As is so clearly obvious, the coloration of
human skin is highly variable. This variation is primarily hereditary,
but environmental factors certainly have an effect. Genes found
in the human genome determine the amount of blood vessels in the
skin, thickness of the stratum corneum, and sensitivity to light.
Genes also determine the production of three pigments which influence
|Melanocytes are specialized cells deep within the epidermis which produce the pigment melanin. This pigment, like all pigments, absorb light, but melanin absorbs many of the lights harmful wave lenghts. This pigment is produced in great quantity and packaged into granules for extracellular transport by the numerous Golgi Bodies found in the cell. This is significant because melanocytes will actually pass onto the regular epithelial cells some of this pigment through a process called cytocrine secretion. Melanocytes have long cytoplasmic extensions which reach amongst the epithelium, delivering to those cells the pigmentation. In reality, some epithelial cells actually end up with more melanin than the melanocytes!|
Hemoglobin is the pigment found in the blood that is responsible for transporting oxygen throughout the body. Oxygenated blood is red, and the amount of blood flowing through the skin determines the 'pinkness of the skin, something which is easliy seen in individuals of European heritage. Actions which may cause an increase of blood flow will likewise increase the intensity of the red coloration of the skin, such as overheating (blood flow increase for heat loss) or rapid emotional change (such as an embarressing moment). Birthmarks are congenital disorders of the capillaries in the dermis.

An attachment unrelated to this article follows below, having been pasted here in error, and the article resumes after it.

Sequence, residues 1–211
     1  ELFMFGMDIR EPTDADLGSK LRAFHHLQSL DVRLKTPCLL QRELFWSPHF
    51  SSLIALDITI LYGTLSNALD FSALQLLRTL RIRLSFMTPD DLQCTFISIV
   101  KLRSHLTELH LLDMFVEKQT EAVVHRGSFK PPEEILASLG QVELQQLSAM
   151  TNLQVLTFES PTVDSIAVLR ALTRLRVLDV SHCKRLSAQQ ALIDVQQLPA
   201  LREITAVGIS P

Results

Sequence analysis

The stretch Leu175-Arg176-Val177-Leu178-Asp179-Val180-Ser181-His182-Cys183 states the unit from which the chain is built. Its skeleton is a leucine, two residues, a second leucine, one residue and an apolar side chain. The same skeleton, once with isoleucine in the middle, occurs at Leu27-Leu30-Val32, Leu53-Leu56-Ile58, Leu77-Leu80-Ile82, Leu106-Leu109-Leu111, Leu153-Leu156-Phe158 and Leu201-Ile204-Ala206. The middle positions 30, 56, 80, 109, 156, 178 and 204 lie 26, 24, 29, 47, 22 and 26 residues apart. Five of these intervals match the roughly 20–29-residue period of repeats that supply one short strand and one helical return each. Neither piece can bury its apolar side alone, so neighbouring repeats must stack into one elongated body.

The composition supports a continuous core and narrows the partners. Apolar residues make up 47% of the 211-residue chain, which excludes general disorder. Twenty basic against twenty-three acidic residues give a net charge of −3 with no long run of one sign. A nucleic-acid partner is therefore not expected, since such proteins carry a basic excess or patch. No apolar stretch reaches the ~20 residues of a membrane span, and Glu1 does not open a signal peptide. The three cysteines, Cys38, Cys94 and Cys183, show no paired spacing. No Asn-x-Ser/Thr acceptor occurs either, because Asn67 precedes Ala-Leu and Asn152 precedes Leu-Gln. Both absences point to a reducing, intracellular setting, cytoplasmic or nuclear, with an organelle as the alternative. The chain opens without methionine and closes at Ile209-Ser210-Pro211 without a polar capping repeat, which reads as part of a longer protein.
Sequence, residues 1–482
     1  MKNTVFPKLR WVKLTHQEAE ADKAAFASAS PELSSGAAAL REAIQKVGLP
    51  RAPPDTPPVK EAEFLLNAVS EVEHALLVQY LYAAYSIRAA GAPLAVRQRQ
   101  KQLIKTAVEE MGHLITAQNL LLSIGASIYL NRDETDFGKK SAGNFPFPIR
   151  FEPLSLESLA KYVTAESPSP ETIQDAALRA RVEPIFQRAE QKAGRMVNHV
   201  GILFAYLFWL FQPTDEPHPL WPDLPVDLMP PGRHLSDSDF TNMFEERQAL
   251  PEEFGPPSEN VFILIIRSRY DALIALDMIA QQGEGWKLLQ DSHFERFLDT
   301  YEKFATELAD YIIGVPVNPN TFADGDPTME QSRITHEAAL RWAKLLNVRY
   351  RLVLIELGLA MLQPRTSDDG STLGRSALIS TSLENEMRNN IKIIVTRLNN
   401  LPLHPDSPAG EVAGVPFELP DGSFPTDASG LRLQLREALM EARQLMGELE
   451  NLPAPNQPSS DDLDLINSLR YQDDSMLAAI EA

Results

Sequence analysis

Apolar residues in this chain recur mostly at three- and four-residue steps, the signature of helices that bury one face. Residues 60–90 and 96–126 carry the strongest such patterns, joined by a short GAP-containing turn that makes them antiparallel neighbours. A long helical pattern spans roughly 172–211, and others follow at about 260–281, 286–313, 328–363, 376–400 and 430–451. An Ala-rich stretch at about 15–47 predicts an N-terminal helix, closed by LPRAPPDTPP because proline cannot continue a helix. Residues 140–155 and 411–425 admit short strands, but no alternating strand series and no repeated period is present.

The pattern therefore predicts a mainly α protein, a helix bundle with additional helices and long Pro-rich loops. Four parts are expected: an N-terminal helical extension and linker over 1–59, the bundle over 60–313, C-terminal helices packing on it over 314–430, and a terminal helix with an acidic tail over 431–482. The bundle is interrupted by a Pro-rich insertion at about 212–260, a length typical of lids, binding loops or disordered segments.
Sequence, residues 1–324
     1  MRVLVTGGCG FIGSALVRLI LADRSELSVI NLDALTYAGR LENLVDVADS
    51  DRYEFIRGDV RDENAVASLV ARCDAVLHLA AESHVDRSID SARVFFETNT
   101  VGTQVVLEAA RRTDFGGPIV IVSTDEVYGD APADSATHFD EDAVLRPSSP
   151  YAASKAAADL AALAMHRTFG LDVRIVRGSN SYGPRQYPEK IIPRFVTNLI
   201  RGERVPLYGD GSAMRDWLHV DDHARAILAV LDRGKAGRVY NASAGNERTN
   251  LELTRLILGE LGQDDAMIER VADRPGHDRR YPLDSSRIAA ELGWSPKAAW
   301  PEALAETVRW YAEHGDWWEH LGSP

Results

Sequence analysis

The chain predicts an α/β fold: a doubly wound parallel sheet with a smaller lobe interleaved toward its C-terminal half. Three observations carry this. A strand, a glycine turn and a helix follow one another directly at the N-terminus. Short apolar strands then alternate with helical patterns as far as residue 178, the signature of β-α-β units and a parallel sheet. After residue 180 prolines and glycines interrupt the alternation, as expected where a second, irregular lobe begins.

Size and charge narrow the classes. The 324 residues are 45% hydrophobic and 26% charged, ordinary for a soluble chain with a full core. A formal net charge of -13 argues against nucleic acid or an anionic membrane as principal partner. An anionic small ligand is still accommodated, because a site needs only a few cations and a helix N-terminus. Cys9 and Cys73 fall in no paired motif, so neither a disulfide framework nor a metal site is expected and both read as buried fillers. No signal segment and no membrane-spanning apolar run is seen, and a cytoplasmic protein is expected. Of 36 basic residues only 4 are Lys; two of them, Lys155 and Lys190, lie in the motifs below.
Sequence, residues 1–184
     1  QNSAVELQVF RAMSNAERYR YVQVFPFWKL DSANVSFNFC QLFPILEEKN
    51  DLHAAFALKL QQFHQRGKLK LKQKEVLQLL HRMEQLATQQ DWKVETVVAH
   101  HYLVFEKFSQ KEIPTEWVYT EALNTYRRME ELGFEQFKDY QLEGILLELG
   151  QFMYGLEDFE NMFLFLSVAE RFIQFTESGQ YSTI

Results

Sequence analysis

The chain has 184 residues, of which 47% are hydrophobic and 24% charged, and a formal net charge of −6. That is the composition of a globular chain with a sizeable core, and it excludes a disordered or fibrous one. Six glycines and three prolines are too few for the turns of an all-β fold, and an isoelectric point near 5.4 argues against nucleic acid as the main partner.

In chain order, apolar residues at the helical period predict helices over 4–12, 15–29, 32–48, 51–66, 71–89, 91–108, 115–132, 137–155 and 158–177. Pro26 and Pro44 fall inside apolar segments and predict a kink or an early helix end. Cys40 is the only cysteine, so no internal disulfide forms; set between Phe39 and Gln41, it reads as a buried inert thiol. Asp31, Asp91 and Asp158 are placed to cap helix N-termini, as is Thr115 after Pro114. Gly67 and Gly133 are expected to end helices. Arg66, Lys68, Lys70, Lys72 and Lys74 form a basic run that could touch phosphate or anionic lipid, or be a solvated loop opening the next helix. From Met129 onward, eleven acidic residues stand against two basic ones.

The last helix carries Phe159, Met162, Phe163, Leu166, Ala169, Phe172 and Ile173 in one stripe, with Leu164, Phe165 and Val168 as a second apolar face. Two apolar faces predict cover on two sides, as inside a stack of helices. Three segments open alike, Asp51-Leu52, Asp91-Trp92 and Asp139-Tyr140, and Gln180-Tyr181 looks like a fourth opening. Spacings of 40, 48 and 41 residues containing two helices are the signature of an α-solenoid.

Carotene is a pigment related to vitamin A. This yellowish-orange pigment is found in cells of the epidermis and within adipose cells of the hypodermis. The coloration typical of individuals of Asian heritage is frequently a result of this pigment, although it is in conjunction with melanin.
Melanin is the brownish-black pigment produced by melanocytes found in the epidermis. These cells have branches which reach into the epidermis, delivering melanin to the keratinocytes, providing them with melanin which protects those cells from the suns rays. These cells are not always distributed uniformly, and dense clusters of these cells can produce freckles and moles.
Some people lack a gene needed to produce an
enzyme necessary for the production of melanin. Albinos
have a normal number of melanocytes, but because of the inability
to produce the proper enzyme, they lack the pigment.
Environmental Factors and Skin Color
Environmental factors also influence skin color. Tanning as a response to sun exposure is a frequent example of how the environment effects skin color. After exposure to significant amounts of UV light (the harmful rays of the sun), a hormone, Melanocyte Stimulating Hormone (MSH) is released from the pituitary gland. This hormone travels through the blood, stimulating the melanocytes to increase their activity level and thus produce increased amounts of melanin. Thus the skin becomes darker.
Tanning is the bodies attempt to prevent damage to the skin, protecting the ever dividing epithelial cells which forms our bodies number one protective device from the suns rays. UV can damage the DNA of these cells, leading to serious problems, such as cancer.
A yellowing of the skin, called Jaundice, can be caused by liver infection or damage. Normally the liver removes the yellow pigment Bilirubin from the blood. This ppigment is produced from the breakdown of hemoglobin from dead red blood cells. If this accumulates in the blood, the skin becomes yellowed instead of it's customary pink hue.